The spiritual leadership of Fr. Jonathon Polce, S.J., was fundamental in guiding the participants during the procession. His experiences serving as the director of the Sodality in different locations, and his role as chaplain and theology teacher at Jesuit High School added depth and diversity to his guidance.
Jesuit President Fr. John Brown, S. J., gave the keynote address on cultivating a devotion to The Blessed Mother. As a former director of the Sodalities at the Jesuit high schools in both New Orleans and Tampa, Florida, Fr. Brown drew upon his experiences with these organizations to offer spiritual guidance and advice to attendees.
The academic pursuits of Fr. Sylvester Tan, S.J., specifically in studying the relationship between the living and the dead in Protestantism, offered a fascinating perspective. His ability to engage in dialogue between Catholic and Protestant understandings of the communion of saints made for a richer and more inclusive event.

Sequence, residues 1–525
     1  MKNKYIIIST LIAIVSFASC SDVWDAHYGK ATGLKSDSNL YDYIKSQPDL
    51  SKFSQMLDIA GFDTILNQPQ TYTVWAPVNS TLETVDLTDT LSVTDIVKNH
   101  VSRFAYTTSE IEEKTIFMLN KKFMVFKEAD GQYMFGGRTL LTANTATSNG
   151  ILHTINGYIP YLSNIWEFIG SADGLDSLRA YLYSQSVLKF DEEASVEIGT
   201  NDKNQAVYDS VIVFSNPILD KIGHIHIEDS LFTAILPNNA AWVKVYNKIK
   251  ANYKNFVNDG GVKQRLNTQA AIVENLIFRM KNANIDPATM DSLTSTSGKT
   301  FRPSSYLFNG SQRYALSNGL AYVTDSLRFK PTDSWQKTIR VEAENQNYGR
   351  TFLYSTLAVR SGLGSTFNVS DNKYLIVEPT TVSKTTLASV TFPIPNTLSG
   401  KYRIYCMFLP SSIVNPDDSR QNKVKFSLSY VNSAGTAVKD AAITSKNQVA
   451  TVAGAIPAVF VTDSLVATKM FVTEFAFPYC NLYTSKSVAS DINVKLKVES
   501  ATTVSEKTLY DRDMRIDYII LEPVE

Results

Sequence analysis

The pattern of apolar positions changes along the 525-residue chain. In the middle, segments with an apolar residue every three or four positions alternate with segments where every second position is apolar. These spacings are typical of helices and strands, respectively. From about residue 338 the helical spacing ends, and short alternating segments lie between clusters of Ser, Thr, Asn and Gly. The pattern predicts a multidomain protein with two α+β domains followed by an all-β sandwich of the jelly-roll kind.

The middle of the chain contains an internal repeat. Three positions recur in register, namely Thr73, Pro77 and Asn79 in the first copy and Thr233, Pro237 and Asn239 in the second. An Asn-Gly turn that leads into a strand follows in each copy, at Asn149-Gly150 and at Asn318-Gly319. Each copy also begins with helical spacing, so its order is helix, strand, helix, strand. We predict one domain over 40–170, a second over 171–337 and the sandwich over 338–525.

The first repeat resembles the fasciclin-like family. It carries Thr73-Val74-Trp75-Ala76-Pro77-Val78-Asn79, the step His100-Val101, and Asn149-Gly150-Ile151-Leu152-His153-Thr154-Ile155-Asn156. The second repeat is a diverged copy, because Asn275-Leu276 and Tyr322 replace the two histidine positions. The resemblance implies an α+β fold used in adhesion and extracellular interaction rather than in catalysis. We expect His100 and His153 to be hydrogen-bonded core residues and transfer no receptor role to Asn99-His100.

The historical context provided by Fr. Michael Maher, S.J., a professor at Marquette University and an expert on the history of sodalities, was vital to understanding the broader narrative and significance of the event. His regular research at the Jesuit Historical Institute brought a robust historical background to the event.
Scholastic John Guerra, S.J. ’14, provided testimony based on his own experience as a member of the Sodality at Jesuit. His current and past work as a theology teacher, golf coach, and choir director showcased his multifaceted talents.
The perspectives of lay people such as Jay Williams, Bree Higginbotham, Alex Scalco ’14, Corey James ’13, Jackson Graham, William Cueto, David Fernandez, Stephanie Morris, and Erik Vieira added another layer of richness to the event. Their diverse professional backgrounds—from teaching theology to start-up operation, from corporate executive roles to professional artistry—highlighted the broad reach of Sodality and its impact in various walks of life.
Together, these speakers and contributors crafted a memorable event that symbolized the dynamic, richly textured fabric of the Sodality community.